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Int J Biochem Cell Biol. 1995 Aug;27(8):821-30.

Enzymatic control of glycogenolysis during anoxic submergence in the freshwater turtle Trachemys scripta.

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1
Department of Chemistry, Carleton University, Ottawa, Ontario, Canada.

Abstract

Freshwater turtles Trachemys scripta elegans endure prolonged severe hypoxia, and even complete anoxia, while diving or hibernating underwater. Metabolic adaptations supporting survival include the activation of glycogenolysis and glucose output from liver, as well as strong metabolic rate depression. The present study analyzes the enzymes of both the phosphorolytic (glycogen phosphorylase, phosphorylase b kinase, cAMP-dependent protein kinase) and glucosidic (alpha-glucosidase) pathways of glycogenolysis in turtle organs. Turtles were subjected to 5 hr of submergence in N2-bubbled water at 7 degrees C and then activities of phosphorolytic and glucosidic enzymes were assayed in liver, heart, brain, and red and white skeletal muscle, and compared with aerobic controls. In vitro incubations also assessed protein kinase A control of phosphorolytic enzymes. A functional enzyme cascade system for the activation of glycogen phosphorylase was found in all organs, and both phosphorylase and phosphorylase kinase were stimulated by in vitro incubation with the catalytic subunit of cAMP-dependent protein kinase. Anoxic submergence led to significant increases in phosphorylase activities in liver and heart (phosphorylase a rose 2- and 2.5-fold, respectively) but phosphorylase kinase and protein kinase A activities in liver were reduced after 5 hr exposure. Both acidic (pH 4) and neutral (pH 7) forms of alpha-glucosidase were detected in all five organs with highest activities in liver. Activity of acid alpha-glucosidase, which degrades lysosomal glycogen, increased by 2-fold in liver during anoxic submergence. The data show that glycogen breakdown in turtle liver during anoxic submergence may result from coordinated activations of both the cytoplasmic phosphorolytic and the lysosomal glucosidic pathways of glycogenolysis.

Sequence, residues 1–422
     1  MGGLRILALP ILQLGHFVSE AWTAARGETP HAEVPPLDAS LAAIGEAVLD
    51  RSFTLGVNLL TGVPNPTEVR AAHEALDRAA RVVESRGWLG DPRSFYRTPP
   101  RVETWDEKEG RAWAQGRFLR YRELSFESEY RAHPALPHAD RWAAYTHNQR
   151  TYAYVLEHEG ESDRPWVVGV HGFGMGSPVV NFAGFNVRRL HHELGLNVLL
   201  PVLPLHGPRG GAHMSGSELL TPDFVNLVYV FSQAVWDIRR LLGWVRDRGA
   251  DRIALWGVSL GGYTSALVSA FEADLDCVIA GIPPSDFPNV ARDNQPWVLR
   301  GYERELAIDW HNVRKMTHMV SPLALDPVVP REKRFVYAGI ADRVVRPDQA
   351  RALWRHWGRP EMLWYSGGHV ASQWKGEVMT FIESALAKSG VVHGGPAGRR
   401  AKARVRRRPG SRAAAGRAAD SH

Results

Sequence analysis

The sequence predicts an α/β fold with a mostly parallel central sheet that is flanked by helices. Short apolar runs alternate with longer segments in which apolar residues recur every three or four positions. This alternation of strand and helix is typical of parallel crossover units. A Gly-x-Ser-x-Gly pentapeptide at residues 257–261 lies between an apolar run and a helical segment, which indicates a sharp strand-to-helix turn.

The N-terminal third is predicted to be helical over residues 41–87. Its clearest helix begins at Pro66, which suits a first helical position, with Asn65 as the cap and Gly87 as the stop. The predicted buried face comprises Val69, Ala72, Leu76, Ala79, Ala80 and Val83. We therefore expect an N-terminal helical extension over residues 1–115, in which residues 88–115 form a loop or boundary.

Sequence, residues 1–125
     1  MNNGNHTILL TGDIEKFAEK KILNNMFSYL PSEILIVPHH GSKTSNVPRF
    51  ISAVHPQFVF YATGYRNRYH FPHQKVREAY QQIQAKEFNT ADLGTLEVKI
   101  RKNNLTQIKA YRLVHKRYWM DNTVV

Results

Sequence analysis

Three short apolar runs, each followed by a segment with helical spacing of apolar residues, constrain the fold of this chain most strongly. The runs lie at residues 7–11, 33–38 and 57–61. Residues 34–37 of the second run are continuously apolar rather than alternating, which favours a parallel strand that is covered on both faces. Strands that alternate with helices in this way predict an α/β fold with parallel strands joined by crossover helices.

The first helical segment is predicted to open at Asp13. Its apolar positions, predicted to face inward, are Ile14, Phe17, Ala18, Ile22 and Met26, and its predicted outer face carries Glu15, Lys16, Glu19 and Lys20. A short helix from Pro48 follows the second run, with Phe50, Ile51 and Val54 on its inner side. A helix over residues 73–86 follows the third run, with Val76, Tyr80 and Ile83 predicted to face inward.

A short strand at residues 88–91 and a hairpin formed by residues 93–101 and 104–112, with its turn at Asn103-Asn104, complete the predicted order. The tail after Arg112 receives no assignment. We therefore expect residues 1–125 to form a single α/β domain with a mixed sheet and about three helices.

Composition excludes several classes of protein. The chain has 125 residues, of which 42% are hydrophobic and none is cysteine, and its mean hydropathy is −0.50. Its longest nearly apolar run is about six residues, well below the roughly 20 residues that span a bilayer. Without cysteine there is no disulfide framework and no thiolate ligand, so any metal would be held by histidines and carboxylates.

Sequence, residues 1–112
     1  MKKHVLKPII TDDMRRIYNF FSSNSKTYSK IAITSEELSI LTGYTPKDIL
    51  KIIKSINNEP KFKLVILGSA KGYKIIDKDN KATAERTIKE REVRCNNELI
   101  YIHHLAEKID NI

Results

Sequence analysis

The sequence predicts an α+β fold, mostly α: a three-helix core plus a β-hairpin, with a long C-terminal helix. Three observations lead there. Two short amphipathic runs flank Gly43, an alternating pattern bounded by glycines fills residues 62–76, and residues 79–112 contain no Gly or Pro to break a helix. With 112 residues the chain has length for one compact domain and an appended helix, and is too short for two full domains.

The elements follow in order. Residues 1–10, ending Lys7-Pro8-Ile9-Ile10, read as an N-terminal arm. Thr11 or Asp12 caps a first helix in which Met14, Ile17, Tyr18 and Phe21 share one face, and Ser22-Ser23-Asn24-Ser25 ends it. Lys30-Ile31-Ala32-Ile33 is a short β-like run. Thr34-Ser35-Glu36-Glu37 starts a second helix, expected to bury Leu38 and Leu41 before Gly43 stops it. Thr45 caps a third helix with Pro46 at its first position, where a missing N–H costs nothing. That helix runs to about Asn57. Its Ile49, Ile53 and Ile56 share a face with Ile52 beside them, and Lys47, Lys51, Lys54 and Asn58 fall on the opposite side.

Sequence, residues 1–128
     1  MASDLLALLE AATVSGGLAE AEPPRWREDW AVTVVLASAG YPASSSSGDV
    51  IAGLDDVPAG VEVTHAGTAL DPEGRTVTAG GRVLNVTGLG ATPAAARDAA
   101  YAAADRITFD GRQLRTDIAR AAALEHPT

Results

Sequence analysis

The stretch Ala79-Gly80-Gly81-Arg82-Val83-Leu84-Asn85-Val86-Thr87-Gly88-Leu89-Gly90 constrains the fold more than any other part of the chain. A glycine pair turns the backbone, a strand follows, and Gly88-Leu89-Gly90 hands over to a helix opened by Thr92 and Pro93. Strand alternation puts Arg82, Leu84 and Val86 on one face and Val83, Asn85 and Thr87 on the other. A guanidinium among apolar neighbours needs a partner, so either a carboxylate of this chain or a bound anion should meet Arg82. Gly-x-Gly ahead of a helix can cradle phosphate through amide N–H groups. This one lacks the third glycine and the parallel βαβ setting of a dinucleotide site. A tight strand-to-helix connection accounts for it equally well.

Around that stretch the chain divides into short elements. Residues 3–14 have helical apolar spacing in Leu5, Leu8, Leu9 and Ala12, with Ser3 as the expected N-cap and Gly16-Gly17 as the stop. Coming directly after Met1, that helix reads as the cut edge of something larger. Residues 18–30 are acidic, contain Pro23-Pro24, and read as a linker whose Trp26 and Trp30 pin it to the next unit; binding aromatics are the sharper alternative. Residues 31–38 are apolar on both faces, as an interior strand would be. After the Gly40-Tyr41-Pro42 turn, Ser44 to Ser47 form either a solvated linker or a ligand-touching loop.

PMID:
7584617
[Indexed for MEDLINE]

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